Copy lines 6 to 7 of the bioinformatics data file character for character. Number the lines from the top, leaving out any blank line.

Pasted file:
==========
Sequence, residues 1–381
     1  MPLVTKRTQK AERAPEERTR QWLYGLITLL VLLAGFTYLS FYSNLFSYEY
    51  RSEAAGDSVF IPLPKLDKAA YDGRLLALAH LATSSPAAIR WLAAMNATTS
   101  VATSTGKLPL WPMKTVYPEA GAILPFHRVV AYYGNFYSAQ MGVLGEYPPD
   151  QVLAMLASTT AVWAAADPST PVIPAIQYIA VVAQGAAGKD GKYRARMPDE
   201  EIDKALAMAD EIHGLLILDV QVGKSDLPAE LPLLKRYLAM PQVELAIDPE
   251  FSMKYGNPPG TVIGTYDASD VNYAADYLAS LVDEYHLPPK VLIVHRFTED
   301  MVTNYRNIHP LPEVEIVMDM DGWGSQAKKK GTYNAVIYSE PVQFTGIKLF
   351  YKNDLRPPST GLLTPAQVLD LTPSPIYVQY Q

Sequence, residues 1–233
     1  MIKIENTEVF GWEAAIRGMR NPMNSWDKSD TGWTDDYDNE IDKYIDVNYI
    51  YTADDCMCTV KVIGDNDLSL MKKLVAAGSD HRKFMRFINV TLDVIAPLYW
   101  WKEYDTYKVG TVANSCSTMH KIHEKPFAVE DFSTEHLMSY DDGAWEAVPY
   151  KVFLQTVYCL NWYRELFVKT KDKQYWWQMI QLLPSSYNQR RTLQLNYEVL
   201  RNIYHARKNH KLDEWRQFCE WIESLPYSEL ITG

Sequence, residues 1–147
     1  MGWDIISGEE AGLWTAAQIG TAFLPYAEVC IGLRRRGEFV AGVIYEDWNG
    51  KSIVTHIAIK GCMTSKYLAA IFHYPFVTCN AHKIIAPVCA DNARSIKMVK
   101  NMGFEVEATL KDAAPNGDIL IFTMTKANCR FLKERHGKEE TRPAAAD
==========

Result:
   201  EIDKALAMAD EIHGLLILDV QVGKSDLPAE LPLLKRYLAM PQVELAIDPE
   251  FSMKYGNPPG TVIGTYDASD VNYAADYLAS LVDEYHLPPK VLIVHRFTED